Monday, November 25, 2013

Pleasures of touring Guizhou

I just came back after leading a group of 20 through the southern and southeastern regions of Guizhou. This is the part of Guizhou that is full of ethnic minority villages and enclaves. In addition to the great diversity of people in colorful native apparel, the rugged terrain of Guizhou offered spectacular scenery. It was the most fun and fascinating trip ever for my fellow travelers and me.

Lots of people do not know where Guizhou is. Even many Chinese don't. It is a landlocked province in southern part of China, one of the least economically developed regions of China.

With the tourism boom going on in China, Guizhou will become a future hot destination, first for domestic citizens within China and then later for western tourists that have already been to the popular Beijing/Shanghai/Xian/Guilin circuit.

China is a land of beautiful scenery and Guizhou has its share. We visited Huangguoshu (yellow fruit tree meaning tangerines) Falls 

Huangguoshu Falls at top right

and Xiaoqikong (seven small arches) Scenic Area in Guizhou. Both are world-class attractions and the good news is that these areas are being managed in a way consistent with their world-class status.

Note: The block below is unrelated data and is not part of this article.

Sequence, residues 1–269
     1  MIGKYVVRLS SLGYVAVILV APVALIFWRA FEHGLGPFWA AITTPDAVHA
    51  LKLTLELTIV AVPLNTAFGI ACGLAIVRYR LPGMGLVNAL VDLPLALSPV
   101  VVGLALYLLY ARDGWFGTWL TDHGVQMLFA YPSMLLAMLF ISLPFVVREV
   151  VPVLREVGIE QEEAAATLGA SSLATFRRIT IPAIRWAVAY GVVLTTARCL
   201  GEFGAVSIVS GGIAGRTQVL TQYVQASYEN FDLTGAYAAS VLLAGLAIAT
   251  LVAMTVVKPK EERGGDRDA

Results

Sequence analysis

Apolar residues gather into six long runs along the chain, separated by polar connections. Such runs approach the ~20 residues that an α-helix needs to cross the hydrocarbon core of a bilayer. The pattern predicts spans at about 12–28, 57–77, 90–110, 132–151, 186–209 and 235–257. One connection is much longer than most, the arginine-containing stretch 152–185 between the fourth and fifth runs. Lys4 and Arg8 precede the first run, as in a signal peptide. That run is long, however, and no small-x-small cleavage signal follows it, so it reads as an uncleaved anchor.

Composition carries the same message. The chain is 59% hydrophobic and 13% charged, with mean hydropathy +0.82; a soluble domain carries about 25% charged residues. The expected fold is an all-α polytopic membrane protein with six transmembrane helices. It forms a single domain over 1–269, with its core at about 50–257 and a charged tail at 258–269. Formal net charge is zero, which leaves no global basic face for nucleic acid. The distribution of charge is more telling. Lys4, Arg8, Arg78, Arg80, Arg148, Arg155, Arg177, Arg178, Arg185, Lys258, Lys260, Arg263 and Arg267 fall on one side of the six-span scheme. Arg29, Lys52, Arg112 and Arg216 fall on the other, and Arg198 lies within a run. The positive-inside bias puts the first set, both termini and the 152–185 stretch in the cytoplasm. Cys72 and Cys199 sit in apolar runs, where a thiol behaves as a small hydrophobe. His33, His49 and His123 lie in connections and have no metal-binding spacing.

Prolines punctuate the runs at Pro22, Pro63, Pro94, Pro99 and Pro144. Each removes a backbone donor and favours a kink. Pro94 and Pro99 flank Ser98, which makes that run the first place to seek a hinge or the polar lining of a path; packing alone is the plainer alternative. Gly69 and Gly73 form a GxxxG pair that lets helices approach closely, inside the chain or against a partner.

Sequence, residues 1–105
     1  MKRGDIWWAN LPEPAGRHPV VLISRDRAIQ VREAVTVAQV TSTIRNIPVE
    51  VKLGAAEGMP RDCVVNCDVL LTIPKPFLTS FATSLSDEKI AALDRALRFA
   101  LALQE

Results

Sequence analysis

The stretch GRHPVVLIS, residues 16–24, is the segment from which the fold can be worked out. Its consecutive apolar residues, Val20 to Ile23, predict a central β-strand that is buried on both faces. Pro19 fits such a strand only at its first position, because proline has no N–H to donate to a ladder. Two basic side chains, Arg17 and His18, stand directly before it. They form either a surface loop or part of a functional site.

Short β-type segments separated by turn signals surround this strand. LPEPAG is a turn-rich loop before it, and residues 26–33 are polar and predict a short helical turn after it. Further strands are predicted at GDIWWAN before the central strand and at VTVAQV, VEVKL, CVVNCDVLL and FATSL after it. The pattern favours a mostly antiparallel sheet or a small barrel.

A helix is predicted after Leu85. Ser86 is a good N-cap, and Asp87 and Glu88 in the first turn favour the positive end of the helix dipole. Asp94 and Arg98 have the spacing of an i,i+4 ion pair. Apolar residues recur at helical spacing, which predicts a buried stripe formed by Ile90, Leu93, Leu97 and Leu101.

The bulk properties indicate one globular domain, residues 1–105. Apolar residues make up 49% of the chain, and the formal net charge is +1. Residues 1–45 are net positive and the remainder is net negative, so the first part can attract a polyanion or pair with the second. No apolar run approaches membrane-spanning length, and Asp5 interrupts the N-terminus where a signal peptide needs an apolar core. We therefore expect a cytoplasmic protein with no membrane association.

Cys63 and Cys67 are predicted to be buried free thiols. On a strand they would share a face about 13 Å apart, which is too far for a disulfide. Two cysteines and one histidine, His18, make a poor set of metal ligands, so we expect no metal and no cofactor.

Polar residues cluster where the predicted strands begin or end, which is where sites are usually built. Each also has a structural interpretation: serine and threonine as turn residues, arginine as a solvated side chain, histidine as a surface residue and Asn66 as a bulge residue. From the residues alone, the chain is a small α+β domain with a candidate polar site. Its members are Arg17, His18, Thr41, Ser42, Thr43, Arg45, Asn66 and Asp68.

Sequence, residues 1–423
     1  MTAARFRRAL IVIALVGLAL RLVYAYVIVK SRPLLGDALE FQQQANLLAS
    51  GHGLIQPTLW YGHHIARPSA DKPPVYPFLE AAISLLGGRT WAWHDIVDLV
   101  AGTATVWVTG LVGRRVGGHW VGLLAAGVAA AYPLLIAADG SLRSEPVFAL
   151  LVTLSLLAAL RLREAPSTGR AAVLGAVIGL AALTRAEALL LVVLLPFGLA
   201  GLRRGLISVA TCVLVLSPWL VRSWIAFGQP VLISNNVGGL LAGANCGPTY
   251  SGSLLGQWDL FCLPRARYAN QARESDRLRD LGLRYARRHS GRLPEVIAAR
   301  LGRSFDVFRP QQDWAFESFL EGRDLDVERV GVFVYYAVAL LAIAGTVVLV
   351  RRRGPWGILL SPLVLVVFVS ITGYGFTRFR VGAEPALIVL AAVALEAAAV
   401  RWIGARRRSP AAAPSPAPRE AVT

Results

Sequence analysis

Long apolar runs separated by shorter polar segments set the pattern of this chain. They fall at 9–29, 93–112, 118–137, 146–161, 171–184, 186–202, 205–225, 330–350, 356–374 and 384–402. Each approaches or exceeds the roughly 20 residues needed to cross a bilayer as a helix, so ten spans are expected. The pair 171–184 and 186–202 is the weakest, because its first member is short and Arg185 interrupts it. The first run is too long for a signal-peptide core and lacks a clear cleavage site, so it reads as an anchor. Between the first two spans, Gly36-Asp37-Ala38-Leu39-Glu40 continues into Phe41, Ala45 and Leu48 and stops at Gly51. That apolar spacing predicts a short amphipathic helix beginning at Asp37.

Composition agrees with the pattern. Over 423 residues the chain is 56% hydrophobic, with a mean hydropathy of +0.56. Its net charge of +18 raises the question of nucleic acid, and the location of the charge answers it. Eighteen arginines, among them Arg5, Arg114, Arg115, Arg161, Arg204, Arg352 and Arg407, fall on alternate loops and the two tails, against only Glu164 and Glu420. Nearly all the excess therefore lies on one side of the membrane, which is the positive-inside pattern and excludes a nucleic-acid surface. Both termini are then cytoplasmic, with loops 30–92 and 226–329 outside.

students at the Xiaoqikong
In other words, only park service vehicles inside the park, designated walkways for visitors, conveniently located trash and recycle bins, and relatively odor free restrooms.

We walked through villages belonging to Miao, Dong, Buyi, Shui and Yao people. We even stayed in Zhaoxing, a town with five clans of Dong people. We learned to tell the difference between the long skirt, short skirt and mushroom Miao people by their costumes. We even went to a Gejia village where the people are striving to be recognized by the central government as a distinct ethnic group and not as a branch of the Miaos.

Short skirt Miao
Long skirt Miao
Mushroom Miao

The displays in the Gejia museum claim that they are descended from northeast corner of China and Hou Yi, the legendary hero who shot down extra suns in the sky and saved earth from a scorching demise, as their ancestor. Hou Yi is a legendary figure that also has a place in the Han Chinese folklore.
Gejia people

By oral tradition, the Miaos believe that they migrated southward from the Yellow River basin before recorded history when their forefathers lost the battle to Huangdi and his coalition of warriors and were forced to vacate their farmlands. Since Huangdi is the legendary founder of the Hans, this is a case where the two sets of people are looking at opposing sides of the same legend.